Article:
Frankly, I’ve actually been more successful with natural treatment (a blend of tea tree oil, rosemary oil and olive oil). But schools have requirements.

I’ll follow it up with what I’ve used successfully in the past!

I feel your pain. About a year and a half ago, we had an infestation of the wee beasties. It took me HOURS to go through each girl’s hair (I have two) and my son, I buzzed his hair close and treated with shampoos. However, I didn’t really have anyone who could go through MY hair, so I went to the school nurse to get checked. (I went to the health department, they said the law won’t let 'em check me, I go to my doctor, and the nurse told me she won’t do it either. On a later visit, Doc told me that Nurse is full of crap and she certainly WOULD have checked if asked.) School nurse went over my scalp and pronounced me clear. That same evening, I was looking at a zit in my bathroom mirror and saw TWO LIVE LICE!! Not bitty ones, either. LARGE ones. I was unhappy, to say the least. I did the shampoo thing four weeks running, just to make sure I was clear!

I sure wish a place like this had been available to me!

okay folks, may we hear where you are posting from?
Are kids with lice more common in some areas of the US than others?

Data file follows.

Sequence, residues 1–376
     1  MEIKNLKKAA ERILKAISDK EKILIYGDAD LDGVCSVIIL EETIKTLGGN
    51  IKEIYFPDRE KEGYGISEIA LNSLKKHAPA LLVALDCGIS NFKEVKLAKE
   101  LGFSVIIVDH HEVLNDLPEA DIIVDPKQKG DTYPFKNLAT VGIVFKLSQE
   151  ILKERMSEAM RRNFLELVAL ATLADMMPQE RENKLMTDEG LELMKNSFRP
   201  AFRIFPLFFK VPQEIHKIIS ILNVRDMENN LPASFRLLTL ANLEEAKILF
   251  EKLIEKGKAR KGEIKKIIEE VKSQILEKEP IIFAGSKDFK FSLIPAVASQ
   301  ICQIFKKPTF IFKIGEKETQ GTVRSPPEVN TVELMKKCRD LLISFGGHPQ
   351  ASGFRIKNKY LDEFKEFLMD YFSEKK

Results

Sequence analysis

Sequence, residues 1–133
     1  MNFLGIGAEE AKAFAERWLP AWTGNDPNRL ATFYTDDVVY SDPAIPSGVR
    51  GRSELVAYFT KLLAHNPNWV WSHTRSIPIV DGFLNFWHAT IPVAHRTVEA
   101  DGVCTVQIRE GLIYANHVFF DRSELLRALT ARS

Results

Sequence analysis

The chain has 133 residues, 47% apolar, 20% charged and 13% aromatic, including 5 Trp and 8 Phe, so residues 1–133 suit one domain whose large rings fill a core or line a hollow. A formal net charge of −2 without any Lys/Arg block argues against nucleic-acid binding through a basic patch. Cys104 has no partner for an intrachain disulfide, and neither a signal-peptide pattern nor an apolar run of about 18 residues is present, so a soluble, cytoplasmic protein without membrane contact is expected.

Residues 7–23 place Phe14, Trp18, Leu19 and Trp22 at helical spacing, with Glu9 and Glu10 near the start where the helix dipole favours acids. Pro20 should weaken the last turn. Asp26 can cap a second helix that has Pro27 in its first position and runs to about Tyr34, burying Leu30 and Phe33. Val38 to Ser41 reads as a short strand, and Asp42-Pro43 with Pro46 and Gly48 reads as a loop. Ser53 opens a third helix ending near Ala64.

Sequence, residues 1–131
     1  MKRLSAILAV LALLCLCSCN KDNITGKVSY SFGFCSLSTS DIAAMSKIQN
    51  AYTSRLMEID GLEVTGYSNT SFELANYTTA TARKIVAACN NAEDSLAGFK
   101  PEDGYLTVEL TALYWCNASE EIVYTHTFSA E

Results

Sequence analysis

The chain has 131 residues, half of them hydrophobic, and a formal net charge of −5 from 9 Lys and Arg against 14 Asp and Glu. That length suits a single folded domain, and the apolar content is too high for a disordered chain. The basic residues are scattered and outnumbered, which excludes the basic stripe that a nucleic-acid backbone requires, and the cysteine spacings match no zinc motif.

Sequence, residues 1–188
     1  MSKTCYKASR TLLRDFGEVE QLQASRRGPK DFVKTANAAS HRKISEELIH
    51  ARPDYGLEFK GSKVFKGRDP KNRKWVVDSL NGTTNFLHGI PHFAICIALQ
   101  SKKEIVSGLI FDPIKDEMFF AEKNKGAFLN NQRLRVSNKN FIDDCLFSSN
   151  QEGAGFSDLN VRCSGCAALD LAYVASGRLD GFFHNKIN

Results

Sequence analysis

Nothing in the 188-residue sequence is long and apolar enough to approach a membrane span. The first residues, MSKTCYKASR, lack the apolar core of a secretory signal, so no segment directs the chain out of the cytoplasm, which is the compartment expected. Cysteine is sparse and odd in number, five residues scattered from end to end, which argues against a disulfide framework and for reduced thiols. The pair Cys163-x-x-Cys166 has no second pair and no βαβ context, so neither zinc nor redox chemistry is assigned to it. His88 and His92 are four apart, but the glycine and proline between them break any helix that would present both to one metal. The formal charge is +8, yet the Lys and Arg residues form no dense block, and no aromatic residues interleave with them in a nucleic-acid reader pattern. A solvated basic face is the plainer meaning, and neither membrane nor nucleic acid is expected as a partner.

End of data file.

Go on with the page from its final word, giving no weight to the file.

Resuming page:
How about other countries?

And how has this changed over the past 10 or 20 years?
I vaguely remember when in 1965 or so, (in Ohio), ONE student at my elementary school had lice. This was apparenly so unheard of that they closed the whole school for a health emergency, notified parents about home care, and checked everybody’s head when they returned to school 2 days later.

I’ve never heard of a school being closed for head lice, even when there’s a huge infestation keeping half the kids out for a few days. When my high-schooler was in elementary, we’d get notes coming home as soon as the cold weather started. Just general ‘Be aware, keep a look out’ type warnings, as hats and scarves are likely to get thrown in a pile and provide excellent transfer opportunities. There were always a few kids being sent home for treatment, but it was considered a normal occurrence. We’d get a different form letter sometimes, a ‘someone in your child’s class has a confirmed case, we suggest a preventative treatment’ and they’d all get checked every few days until the entire class was declared clear.

Well, as my post says, I’m in WV now, though we battled the problem back in western Maryland, too. (For any who think it’s of interest, I’m in north-central West Virginia).